Monday, August 13, 2012

You and me and him against Them....

The Wolf Age for me was predominately a book about friendship, the bonds that grow between people who suffer indignity together and the strength they can draw from one another. This book for all its grim gritty noirish sword and sorcery action and artifacts felt very personal and I had a great amount of empathy for many of its characters no matter how small a part they may have had. James managed to mix genres and folklore in ways that I really could not predict the direction the third adventure of Morlock Ambrosious would take and that is hard to do with sword and sorcery that feels so much like Moorcock or Liber's iconic stories. I wholeheartedly recommend reading James Enge's sometimes enigmatic heros tales but with the caveat that this is not the story to start with.

Here is the blurb from Pyr:

"Spear-age, sword-age:
shields are shattered.
Wind-age, wolf-age:
before the world founders
no man will show mercy to another."

Wuruyaaria: city of werewolves, whose raiders range over the dying northlands, capturing human beings for slaves or meat. Wuruyaaria: where a lone immortal maker wages a secret war against the Strange Gods of the Coranians. Wuruyaaria: a democracy where some are more equal than others, and a faction of outcast werewolves is determined to change the balance of power in a long, bloody election year.

Their plans are laid; the challenges known; the risks accepted. But all schemes will shatter in the clash between two threats few had foreseen and none had fully understood: a monster from the north on a mission to poison the world, and a stranger from the south named Morlock Ambrosius.

James Enge has so many great little and big surprises in store for readers in The Wolf Age its hard to write about the cool stuff without spoilers and since I enjoyed the reveals I don't want to say too much. I will say that when I was only a third into the nearly 500page adventure I wanted to go back to the start just to experience it all again and revisit events which I am sure I missed things. His writing is as many reviewers write akin to the noir masters; his prose is not overworked, plots move fast with wit, snappy dialogue and he pulls no punches with the grim and dark events.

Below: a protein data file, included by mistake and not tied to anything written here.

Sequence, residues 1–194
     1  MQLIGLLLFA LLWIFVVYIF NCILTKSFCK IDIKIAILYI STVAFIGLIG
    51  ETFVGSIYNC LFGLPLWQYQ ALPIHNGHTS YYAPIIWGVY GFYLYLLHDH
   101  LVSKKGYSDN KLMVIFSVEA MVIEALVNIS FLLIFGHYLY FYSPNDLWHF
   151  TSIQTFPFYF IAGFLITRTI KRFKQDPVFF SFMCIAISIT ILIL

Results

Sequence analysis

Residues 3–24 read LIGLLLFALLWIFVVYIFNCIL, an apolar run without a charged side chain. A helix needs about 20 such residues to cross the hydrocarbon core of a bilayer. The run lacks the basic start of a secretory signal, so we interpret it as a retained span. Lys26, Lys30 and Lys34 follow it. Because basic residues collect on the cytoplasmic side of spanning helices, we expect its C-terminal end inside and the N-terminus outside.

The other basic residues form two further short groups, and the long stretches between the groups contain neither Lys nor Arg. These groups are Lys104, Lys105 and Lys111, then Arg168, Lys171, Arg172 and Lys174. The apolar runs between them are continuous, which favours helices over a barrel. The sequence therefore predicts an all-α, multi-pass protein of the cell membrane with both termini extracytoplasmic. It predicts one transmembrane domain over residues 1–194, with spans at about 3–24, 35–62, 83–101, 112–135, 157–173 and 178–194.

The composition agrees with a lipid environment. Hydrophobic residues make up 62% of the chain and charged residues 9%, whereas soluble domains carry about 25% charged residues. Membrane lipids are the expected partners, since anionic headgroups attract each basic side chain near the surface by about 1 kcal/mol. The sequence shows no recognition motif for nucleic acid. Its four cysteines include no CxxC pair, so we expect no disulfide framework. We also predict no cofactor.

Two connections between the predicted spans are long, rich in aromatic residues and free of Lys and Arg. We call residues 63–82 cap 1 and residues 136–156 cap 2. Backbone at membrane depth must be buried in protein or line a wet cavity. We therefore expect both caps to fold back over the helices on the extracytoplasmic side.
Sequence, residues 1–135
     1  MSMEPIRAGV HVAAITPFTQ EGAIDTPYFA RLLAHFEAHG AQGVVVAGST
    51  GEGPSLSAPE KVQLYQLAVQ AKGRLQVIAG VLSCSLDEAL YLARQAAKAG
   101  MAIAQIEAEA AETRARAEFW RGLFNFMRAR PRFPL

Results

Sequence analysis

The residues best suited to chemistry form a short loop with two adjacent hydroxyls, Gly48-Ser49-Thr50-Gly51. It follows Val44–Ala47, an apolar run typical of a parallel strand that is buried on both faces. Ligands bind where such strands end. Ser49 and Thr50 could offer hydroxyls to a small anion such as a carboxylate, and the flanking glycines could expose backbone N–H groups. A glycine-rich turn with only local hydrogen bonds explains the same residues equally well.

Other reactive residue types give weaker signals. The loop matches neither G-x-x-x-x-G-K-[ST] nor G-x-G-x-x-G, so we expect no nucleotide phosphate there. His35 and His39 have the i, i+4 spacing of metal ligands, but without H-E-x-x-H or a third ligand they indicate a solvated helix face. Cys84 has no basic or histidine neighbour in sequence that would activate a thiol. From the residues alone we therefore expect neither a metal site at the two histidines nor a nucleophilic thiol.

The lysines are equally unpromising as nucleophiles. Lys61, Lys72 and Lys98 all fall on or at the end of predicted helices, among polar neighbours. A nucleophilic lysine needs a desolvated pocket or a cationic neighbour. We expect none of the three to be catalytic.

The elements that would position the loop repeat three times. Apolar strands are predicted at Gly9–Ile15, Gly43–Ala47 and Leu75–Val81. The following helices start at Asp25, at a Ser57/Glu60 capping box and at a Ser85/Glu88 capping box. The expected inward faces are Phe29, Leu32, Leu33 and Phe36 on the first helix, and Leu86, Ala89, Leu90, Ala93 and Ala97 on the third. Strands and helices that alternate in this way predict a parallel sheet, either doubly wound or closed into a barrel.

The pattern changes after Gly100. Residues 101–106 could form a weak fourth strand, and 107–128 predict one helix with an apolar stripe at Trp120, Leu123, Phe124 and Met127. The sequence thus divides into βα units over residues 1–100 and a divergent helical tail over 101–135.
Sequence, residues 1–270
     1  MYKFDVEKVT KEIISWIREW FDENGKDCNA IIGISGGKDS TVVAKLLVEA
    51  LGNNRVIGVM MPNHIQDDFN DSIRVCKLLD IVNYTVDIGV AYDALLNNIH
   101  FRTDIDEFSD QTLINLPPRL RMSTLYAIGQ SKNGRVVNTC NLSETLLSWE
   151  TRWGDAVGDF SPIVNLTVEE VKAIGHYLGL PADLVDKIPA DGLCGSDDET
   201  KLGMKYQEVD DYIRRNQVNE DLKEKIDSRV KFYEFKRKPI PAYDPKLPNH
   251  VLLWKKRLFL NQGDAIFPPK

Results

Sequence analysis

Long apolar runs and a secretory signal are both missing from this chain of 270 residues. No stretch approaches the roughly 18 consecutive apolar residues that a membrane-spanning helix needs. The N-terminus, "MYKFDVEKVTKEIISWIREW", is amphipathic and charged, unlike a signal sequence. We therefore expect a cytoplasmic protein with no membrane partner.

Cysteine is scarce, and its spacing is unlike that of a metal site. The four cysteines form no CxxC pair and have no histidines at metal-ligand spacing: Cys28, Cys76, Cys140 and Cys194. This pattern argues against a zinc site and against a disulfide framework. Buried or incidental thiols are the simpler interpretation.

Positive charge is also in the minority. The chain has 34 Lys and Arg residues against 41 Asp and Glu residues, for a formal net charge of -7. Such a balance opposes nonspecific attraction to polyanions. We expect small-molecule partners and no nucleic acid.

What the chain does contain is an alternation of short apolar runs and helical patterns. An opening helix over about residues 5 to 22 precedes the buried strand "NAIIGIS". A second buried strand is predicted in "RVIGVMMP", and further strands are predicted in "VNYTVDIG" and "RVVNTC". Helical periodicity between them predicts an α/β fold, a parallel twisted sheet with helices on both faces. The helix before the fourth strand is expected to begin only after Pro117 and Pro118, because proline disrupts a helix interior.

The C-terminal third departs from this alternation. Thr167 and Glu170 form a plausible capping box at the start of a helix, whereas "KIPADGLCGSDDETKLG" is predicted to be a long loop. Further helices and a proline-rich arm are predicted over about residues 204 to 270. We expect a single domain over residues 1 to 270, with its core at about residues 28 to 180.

So what are you getting from The Wolf Age...

Among the numerous schemers in this novel the main orchestrators are the conceptual Strange Gods; they remind me of the endless from Neil Gaimens Sandman. They are very human like embodiments of concepts like war, wisdom, justice, stupidity death and play a similar manipulative roll in The Wolf Age as do the Greek gods in the Illiad. They appear at times in the story as viewpoint characters revealing plot elements outside the other players or giving a different view of events once to oddly funny scene descriptions.

James created an entire culture of all were-wolves building a consistently interesting and fascinating society driven both by animal instincts and human seeming ideas of democracy and progress. The werewolves he created get to exist outside our modern world they are allowed to be fully in tune with both if their natures even if some of them cant fully change into both their forms. The were-characters we get to really know are just as driven, quirky, funny, and tragic as any human (or whatever other race again fantasy) I encountered in James' stories. Since they are fast healers and hard to kill the scenes that happen while the three main heroes of the story suffer a lit of pretty nasty damage making the prison scenes and even the escape very cringeworthy and grizzly.

And Morlock Ambrosious, well if you've not encountered him yet he is a names sword weilding, artefact creating, ambidextrous swordsman wizard who has been a hero, a killer, a notorious hopeless drunk and a figure of stories used to frighted naughty kids. He is also a man of his own honour and principals. At the beginning of this story he's left behind friends and companions for their protection and is in a bleak mood but gets drawn into a net cast by the strange gods and others and shown what hitting rock bottom can be like... Again. He's a long lived character, heals much better then humans (more fodder for the prison scenes) and prone to manic bursts of creative fervour and deep depressions. He's complicated and though a viewpoint character remains tantalisingly enigmatic though I felt I knew him. He is driven in this story by his strong feeling for his blood bonded friends and they to him so the tragedies that occur hurt all the more.

The Wolf Age is both one of the roughest books I read this year on terms if the wringer the characters went through. I loved reading about Morlock and his faithful wolf brothers of choice; the tale is a full heroes journey for the lot of them and it's one I want to read again.

As an addendum : there are several awful things that happen in this novel that happen as a direct result of choices characters make; characters pay permanent prices for their actions or inactions and just as the friendships are a core element of the plot so are mistakes they make.

You can find James Enge's website here and a free Morlock story at Pyr's website here.
I received my copy from Pyr for review
Here are links to places where you can get copies.....

The Wolf Age
by James Enge

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